Sunday, May 21, 2006

More HSBC Drama

Let me just clarify a few things in regards to HSBC. I misread the FAQ's on the HSBC site in regards to the fees for bank transfers. This is what their site says:

*No transaction fees if you transfer money into your HSBC accounts from your non-HSBC accounts
*A $3.00 transaction fee will be charged for each outbound transfer from your HSBC accounts to your non-HSBC accounts

At that point I had stopped reading because I was ranting and raving about the $3 fee. If I had maintained my compusure and continued reading the line below, I would have seen this:

*No transaction fees will be charged for HSBC OnlineSavings, Domestic Private Banking or HSBC Premier customers .

Now, tell me, does it make sense to have this on a whole separate line. If I were writing these FAQs I would have written it like this:

A $3.00 transaction fee will be charged for each outbound transfer from your HSBC accounts to your non-HSBC accounts (No transaction fees will be charged for HSBC OnlineSavings, Domestic Private Banking or HSBC Premier customers ).

This would imply that the 2nd and 3rd bullet points are related. Or better yet:

A $3.00 transaction fee will be charged for each outbound transfer from your HSBC accounts to your non-HSBC accounts*

And then a little note at the bottom explaining the conditions of who pays and who does not. I mean, its really not that important but it would have saved me the heart attack.

In other HSBC news, I still have not received the PIN number they were supposed to send me a month ago. I called them again to see what the deal was and of course, it was more drama. After explaining to them that I had not received the PIN and that they had sent it to the wrong place before he said that he could not send me another PIN number because I recently had a change of address. "UMMM? No, I never changed my address. You merely sent it to the wrong address before." He said yes, he could see that in my file but that he couldn't send it to me because of the problem and I would have to fill out some form and fax it back to them to request a PIN change. At this point, I lost it. I normally try to be a courteous calm and collected person but if I have to call any customer service place 3 times to solve a problem, my nerves get worn a little bit thin.

So after explaining to him that I didn't have time for this nonsense I told him I would simply like to cancel my account. He then informed me that I could cancel my account if I would like, but since I had not had my account for more than 6 months I would be charged $25 to close the account. My pissed-o-meter was through the roof at that point and I told him that I wanted to talk to his boss. He insisted that his boss wasn't going to tell me anything different and that it would be a waste of my time to talk to him. Of course, I insisted on talking to him anyways and after waiting on hold for 5 more minutes his boss came on the line and told me he would overwrite the system so that a new PIN would be sent to me.

Now, let me ask you this. Why do I always have to be at my breaking point before they figure out how to solve a problem, i.e. the lady that told me there was no way I could fix my user name and password until I received my PIN until I insisted that she fix it and this turdball who insisted there was no way for me to get a new PIN without filling out some form and faxing it back to them. I don't like to be that crazy lunatic customer but by golly if they aren't going to get it done without me losing my cool, then thats not my problem.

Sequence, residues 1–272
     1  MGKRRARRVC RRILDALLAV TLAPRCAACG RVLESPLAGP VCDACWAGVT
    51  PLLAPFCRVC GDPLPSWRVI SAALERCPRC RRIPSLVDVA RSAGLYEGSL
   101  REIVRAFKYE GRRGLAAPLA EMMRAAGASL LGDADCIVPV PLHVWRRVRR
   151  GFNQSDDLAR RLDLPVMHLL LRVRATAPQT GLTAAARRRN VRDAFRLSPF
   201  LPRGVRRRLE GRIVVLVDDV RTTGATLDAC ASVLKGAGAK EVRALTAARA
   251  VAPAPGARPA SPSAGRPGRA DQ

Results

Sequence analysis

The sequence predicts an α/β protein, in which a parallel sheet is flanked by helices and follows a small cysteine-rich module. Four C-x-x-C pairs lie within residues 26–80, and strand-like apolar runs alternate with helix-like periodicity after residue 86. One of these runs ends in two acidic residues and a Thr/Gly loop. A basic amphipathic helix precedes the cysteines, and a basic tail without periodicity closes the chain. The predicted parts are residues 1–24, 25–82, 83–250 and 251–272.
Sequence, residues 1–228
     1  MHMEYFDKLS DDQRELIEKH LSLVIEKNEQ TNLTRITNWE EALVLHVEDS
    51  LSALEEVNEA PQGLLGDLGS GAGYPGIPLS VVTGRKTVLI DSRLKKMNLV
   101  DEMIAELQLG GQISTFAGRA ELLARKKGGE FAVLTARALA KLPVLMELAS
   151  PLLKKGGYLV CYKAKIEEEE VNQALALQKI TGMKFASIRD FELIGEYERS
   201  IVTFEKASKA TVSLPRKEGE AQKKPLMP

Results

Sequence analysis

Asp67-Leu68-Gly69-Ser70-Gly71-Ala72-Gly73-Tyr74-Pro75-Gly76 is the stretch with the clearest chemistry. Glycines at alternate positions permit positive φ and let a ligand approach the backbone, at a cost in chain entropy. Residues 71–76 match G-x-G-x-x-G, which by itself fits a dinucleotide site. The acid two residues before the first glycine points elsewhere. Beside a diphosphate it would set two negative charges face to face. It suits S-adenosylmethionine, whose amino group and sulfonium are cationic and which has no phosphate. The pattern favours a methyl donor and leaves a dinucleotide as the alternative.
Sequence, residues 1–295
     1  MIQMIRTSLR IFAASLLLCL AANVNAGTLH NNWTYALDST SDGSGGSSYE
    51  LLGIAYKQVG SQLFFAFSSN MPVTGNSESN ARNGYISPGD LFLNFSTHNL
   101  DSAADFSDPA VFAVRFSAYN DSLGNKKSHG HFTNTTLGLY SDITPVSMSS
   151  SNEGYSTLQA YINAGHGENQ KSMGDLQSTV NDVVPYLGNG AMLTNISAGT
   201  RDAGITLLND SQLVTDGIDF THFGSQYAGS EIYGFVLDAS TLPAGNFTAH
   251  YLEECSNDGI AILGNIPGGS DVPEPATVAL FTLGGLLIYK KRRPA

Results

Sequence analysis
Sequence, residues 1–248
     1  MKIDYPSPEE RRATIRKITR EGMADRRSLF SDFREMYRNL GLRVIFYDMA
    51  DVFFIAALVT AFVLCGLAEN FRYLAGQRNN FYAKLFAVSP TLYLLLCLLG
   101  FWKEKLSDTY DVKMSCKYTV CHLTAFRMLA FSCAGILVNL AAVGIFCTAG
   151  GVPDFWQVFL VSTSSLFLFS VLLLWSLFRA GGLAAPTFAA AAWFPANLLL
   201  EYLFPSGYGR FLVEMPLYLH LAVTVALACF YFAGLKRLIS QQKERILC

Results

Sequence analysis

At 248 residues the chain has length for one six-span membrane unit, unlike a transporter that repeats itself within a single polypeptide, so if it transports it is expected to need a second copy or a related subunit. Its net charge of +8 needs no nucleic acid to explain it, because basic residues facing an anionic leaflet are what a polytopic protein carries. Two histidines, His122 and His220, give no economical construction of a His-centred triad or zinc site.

We'll see if I stick with HSBC or not. At this point I have so much time and energy invested into this process that I might as well take advantage of the higher interest rates that they are offering. Both ING and HSBC raised their rates but HSBC's are still .5% higher than ING's but I have become quite attached to my drama-less banking at ING.

add to saved by 0 users


Ilaiy said...

I would stop doing business with them .


Anonymous said...

I would close the account, they seem to be dishonest in their policy writing so they probably dishonest in everything else. I think sanity is more important than .5 of a percent, but that's just me. Thanx for sharing I will continue to be a loyal ING customer. : )

Opheila Q said...

ING is by far the superior institution. Painless and easy to use.

Debt Hater said...

I'm sorry you had som much trouble with HSBC. I've got two savings accounts with them and it was all pretty painless. It does take forever to get your username and PIN in the mail, but after that I was ok. If it's not working for you, stick with ING.

Anonymous said...

I have noth HSBC and ING. Never had a problem with either. The reason I have HSBC is that I can deposit miscelaneous cash at the ATM.
I think you are right, you should continue to take advantage of their interest rate.

Stephen said...

For anyone who is seeking debt relief try looking into debt settlement you may save yourself quite a bit of money and be debt free in about 2 years maybe less.

Anonymous said...

WHat the F**K is wrong with you?

Ron Landers said...

This is a problem with a lot of banks. They're so big and slow it's impossible to deal with them.

For consumers who are considering credit card debt settlement, definitely do your homework. There are a lot of potential downsides.

iva said...

I'll second that Ron! Do your homework. Classic!

Dustin Rohde said...

Debt settlement is a better option than consolidation loans, bankruptcy, or avoidance. Utilizing a debt settlement to payoff their debt, consumers are able to improve their debt-to-income ratio and have more control over the process of getting out of debt.

Charles said...

Credit Repair is a great option after going through a debt settlement program so you can get negative items and collections deleted.